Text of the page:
Mix And Mismatch

'Closer,' a hollow tale of beautiful people and ugly behavior, leaves the viewer feeling cheated.


December 03, 2004|By Michael Sragow | Michael Sragow,SUN MOVIE CRITIC

How are you supposed to pronounce the title?" is the most intriguing question raised by director Mike Nichols' Closer. Does it refer to looking closer at your lover or closing a deal? I hope the British playwright-screenwriter Patrick Marber primarily intends the second meaning. For romance is a cutthroat transaction in this tale of bed-hopping betrayal among a London-based quartet of alluring, upsetting men and women.

Last year's holiday offering about Brits shifting in and out of relationships was Love, Actually. This movie is as proudly bitter as that was proudly sappy. Closer is about lust, actually - when it isn't about crippling male pride and paranoia pitted against equally shallow and less predictable female sensibilities.

The only faithful thing about Nichols' movie is its reverence for Marber's gimmicky play about romantic aspirations and sex among the young semi-attached set. As the four principals swing partners and change hands, Nichols and Marber restrict the narrative to high and low points. The filmmakers jump from twin peaks to twin valleys and then land on varying plateaus as the characters connect, act badly, break up and never quite come clean. The rationale for leaping from one climax to the next is that all men and women remember courtship and splitting up better than they do living together day by day.

But the effect is hollow. Marber's people don't pour lifetimes of experience into their come-ons, tantrums and emotional blackmail. With adjustments for age and class, they act out situations that are meant to be "universal" or "elemental." This movie's idea of profundity is to have a male character bellow about the difficulty of finding "intimacy" while a female character does a nude show for him in a private room at a sleaze club.

At the start, Dan (Jude Law), an obituary writer with literary ambitions, has a girlfriend, but that doesn't stop him from sparking with an American ex-stripper who calls herself Alice (Natalie Portman). By the time we make the next vault in the narrative, Dan and Alice have shacked up and he has "borrowed" her life for his first novel. Dan looks every bit the up-and-coming man of letters - especially through the lens of chic photographer Anna (Julia Roberts), who shoots him for his book jacket and is separated from her husband.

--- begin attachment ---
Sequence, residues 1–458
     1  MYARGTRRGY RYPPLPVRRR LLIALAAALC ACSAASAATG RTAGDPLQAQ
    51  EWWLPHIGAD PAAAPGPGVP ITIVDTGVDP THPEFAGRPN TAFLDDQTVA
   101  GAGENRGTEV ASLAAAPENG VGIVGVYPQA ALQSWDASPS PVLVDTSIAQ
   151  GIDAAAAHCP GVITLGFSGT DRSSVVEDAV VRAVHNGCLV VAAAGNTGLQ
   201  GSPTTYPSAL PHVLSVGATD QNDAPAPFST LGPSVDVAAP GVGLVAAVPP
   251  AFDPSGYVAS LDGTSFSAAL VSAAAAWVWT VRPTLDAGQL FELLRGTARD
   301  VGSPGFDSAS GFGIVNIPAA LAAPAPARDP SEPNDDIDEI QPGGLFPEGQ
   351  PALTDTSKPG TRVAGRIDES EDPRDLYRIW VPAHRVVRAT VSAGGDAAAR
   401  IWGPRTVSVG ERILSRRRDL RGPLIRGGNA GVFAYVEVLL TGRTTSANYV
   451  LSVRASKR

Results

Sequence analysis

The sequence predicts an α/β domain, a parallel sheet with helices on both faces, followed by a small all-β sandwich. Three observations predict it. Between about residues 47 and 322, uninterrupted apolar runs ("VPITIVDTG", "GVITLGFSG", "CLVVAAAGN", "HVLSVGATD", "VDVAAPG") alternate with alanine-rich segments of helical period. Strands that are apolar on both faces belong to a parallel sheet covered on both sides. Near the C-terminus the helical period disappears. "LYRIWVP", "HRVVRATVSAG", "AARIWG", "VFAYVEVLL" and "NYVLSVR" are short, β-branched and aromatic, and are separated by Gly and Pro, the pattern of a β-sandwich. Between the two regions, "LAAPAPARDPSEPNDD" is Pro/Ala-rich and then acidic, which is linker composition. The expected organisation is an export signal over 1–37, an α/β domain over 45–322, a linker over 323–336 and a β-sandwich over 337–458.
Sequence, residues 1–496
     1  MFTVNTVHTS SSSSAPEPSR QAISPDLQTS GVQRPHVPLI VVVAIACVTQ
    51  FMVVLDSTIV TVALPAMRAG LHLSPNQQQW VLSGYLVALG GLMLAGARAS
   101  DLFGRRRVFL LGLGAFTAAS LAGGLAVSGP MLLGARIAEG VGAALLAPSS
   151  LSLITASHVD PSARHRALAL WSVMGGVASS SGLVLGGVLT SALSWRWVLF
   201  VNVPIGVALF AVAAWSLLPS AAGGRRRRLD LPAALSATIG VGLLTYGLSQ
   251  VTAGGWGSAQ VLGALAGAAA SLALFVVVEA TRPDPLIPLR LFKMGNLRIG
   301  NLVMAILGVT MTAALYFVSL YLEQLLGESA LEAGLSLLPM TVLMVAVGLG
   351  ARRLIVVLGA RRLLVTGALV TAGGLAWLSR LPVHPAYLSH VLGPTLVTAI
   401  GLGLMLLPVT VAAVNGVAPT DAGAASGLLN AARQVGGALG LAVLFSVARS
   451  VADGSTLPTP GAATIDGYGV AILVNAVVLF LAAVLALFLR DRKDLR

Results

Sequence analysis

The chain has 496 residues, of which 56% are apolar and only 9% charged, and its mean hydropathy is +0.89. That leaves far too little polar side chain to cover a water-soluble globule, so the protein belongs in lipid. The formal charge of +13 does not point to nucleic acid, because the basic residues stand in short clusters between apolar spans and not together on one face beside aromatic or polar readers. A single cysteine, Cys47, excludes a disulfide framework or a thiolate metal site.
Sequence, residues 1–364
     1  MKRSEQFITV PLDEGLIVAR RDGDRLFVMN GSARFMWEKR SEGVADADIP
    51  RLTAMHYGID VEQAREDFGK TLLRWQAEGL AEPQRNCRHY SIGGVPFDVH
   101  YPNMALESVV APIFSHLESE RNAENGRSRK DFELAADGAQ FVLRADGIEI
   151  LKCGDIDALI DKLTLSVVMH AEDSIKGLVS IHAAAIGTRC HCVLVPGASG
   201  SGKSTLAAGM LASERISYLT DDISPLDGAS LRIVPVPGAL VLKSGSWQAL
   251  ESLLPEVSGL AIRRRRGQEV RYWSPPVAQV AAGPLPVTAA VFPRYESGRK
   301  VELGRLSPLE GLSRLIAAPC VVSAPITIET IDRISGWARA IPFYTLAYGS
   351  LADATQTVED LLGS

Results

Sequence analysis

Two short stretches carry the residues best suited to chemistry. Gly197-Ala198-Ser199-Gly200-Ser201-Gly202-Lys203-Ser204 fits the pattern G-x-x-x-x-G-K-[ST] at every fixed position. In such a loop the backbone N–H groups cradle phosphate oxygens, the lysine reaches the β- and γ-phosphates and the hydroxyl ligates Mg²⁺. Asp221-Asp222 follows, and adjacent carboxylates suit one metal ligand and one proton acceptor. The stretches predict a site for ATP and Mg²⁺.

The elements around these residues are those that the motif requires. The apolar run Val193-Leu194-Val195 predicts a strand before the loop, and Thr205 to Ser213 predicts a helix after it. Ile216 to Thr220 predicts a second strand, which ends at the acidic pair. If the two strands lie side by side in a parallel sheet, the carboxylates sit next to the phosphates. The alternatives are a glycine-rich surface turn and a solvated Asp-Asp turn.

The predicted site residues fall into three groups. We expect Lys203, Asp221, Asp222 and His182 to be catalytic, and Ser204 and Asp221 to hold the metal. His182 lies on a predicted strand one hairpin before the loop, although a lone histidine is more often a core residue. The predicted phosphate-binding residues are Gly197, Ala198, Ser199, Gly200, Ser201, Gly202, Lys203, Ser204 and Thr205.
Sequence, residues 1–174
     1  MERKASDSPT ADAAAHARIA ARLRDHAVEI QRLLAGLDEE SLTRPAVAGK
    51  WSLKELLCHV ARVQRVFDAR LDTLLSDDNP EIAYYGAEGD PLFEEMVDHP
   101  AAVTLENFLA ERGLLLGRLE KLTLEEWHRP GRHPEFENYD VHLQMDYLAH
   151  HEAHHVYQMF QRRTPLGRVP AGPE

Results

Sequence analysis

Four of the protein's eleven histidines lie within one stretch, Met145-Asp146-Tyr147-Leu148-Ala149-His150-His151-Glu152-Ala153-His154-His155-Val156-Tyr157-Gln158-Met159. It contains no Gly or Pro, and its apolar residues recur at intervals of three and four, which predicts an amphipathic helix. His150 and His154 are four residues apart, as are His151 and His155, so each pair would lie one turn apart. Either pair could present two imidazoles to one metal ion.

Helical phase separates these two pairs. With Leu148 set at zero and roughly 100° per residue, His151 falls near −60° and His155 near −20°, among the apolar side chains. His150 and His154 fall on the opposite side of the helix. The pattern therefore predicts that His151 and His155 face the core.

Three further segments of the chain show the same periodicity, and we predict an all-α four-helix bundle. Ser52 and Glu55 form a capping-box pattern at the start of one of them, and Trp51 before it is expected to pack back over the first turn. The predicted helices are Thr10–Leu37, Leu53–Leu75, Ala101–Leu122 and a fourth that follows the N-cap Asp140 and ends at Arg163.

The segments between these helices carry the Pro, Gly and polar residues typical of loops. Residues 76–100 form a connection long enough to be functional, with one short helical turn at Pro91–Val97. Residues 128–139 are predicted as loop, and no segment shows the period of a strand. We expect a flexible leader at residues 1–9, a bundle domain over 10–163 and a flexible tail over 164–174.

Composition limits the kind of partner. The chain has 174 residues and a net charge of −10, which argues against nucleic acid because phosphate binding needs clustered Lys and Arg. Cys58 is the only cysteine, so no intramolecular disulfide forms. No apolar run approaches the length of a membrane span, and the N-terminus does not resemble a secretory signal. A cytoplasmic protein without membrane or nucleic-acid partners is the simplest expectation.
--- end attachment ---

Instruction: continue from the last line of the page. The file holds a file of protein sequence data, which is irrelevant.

When Anna makes the mistake of confessing that she stayed up until 4 a.m. to read his manuscript, Dan senses an opening and cajoles her into a kiss - even though he tells her that Alice is "unleaveable." Add a charismatic dermatologist named Larry (Clive Owen) and you've got the ingredients for a painfully hip square dance that starts when Dan tricks Larry and Anna into a "cute meet" at the London Aquarium, not realizing that he's playing Cupid.

The flossy explanation for their fickleness is that they can't get enough of "falling in love." But the film's Chinese-checkers approach to chronology makes it impossible to tell whether half of them have ever tried to "stay in love."

Closer is full of conversations that are supposed to be cutting, audacious and "true." In fact, the dialogue chokes on its own vicious self-consciousness and the audience wilts, waiting for a laugh. There are a few funny riffs, such as Dan's explaining the euphemisms used by obit writers: "`He valued his privacy' ... gay. `He enjoyed his privacy ... raging queen.'"

But most of the talk is tiresomely frank. Dan and Larry insist on knowing in detail what Anna has done with each of them. Does this verbal directness reveal anything fresh about sexual manners and mores?

Even the characters are stereotypes: the writer who's gentler and more quietly malicious than the robust, expressive dermatologist; the photographer whose exquisite sensibility proves more seductive to the men than the openhearted, free-spirited stripper.

The few seconds that seem genuine are timeless cries from the heart. Alice berates Dan not for falling in love with Anna but for failing to resist: "There's always a moment: I can do this, I can give in to that, or I can resist it." That speech sets off reverberations, unlike the theatrical set piece (reportedly a sensation on stage) of Dan's impersonating Anna as a sex fiend in an online chat room and luring Larry to the aquarium.

The rest of the movie feels like updated hand-me-downs, often from better sources. To judge how little this film really conveys about sex and love and feeling, contrast the scene of Roberts' Anna taking a picture of Portman's Alice with that of Lena Olin's Sabina and Juliette Binoche's Tereza photographing each other in The Unbearable Lightness of Being. What we get in Closer is freeze-dried pathos; what we get in The Unbearable Lightness is one man's two mistresses seeing what he sees in each of them and bonding, improbably but beautifully.

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